3. anonymous

    anonymous Guests

    Go the SSL route with the half inch man. Believe me, I'm a protools convert and about to buy a procontrol but you are making a record not conducting an experiemnt. If you've got the money save yourself the time and grief right now. Trust your engineer knows what he is doing with an SSL and will be more hands on than you so just sit back point him in the right direction and get the result you all want. No harm in doing a couple of mixes on the DAW simultaneously just to give yourself an idea and prehaps to able to take this route next time. But don't try and learn a system and make a record at the same time. Get the record sounding great and then when you have some time so what it would have taken to get a similar or better result without the SSL. Good luck, hope it sounding great already.
     
  4. Dave McNair

    Dave McNair Active Member

    No question, mix on the SSL to 1/2" Just having analog outboard gear will go a long way towards getting the most of of your tracks. Plus, you still will have all the power of PT's right there for any last minuit edits are whatever. I have been working a lot lately in DAW's and there still is nothing better than having all the faders, eqs, compressors, ect right there in front of you. I could give a ^#$% about recalls if I get the sound I want. Plus if you keep good notes and the console is fitted with recall, you can get it back anyway.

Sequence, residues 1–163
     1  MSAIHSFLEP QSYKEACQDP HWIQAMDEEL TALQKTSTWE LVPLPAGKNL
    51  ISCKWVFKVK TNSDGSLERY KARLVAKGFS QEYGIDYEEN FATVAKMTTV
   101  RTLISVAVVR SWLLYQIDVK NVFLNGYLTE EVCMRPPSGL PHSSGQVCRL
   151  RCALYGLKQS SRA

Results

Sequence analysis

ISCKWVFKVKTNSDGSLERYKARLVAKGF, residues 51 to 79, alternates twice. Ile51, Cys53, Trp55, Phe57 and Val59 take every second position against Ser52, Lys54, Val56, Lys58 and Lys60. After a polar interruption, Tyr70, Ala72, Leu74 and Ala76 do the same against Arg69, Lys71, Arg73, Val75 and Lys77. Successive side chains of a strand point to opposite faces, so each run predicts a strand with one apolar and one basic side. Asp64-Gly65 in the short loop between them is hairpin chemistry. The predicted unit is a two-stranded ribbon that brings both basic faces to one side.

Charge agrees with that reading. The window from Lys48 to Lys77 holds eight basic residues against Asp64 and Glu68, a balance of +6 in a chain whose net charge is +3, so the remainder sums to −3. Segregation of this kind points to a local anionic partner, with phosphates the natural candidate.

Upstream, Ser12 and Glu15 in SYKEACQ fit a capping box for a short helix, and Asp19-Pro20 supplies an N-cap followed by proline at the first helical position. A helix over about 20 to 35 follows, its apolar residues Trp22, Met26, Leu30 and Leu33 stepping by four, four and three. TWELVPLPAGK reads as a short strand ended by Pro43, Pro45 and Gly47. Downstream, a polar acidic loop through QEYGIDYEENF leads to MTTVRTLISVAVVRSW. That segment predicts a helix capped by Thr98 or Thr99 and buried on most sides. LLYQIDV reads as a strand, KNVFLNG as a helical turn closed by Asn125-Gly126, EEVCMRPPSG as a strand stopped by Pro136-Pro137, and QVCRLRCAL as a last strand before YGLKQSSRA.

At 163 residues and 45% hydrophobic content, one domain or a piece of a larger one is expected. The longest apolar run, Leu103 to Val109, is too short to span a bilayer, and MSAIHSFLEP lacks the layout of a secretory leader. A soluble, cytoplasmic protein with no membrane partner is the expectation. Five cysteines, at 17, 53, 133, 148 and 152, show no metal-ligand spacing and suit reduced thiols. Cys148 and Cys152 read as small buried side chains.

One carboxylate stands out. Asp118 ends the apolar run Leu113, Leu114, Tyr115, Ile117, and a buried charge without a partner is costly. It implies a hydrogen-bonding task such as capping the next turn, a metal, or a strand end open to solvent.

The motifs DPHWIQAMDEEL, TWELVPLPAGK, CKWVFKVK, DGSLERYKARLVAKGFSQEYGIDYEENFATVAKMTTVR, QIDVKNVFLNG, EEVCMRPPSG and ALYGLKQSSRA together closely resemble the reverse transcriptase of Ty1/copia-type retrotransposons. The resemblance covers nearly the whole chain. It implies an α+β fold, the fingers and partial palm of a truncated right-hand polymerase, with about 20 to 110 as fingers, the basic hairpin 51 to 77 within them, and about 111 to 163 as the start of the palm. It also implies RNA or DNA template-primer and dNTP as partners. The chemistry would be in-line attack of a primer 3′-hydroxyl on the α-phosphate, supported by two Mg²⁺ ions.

5. Jon Atack

    Jon Atack Member

    I agree with Dave. Provided your engineer is familiar with the SSL and the studio is well-maintained and provides a good assistant, I would definitely go that route. What kind of SSL is it exactly that you would mix on?

    Jon
     
  6. DownSouth

    DownSouth Guest

    SSL 9096J We are using the same engineer who is familiar with both ways. I know I can get top quality w/ the SSL to 1/2" but what would be the obvious differences in the two methods that I can hear. Can I get a successful r&b mix inside of ProTools- stemmed to a Mackie 8 bus- mixed to 1/2" with a Manley VariMu on the stereo bus? After mastering (Sterling Sound) how different will they sound.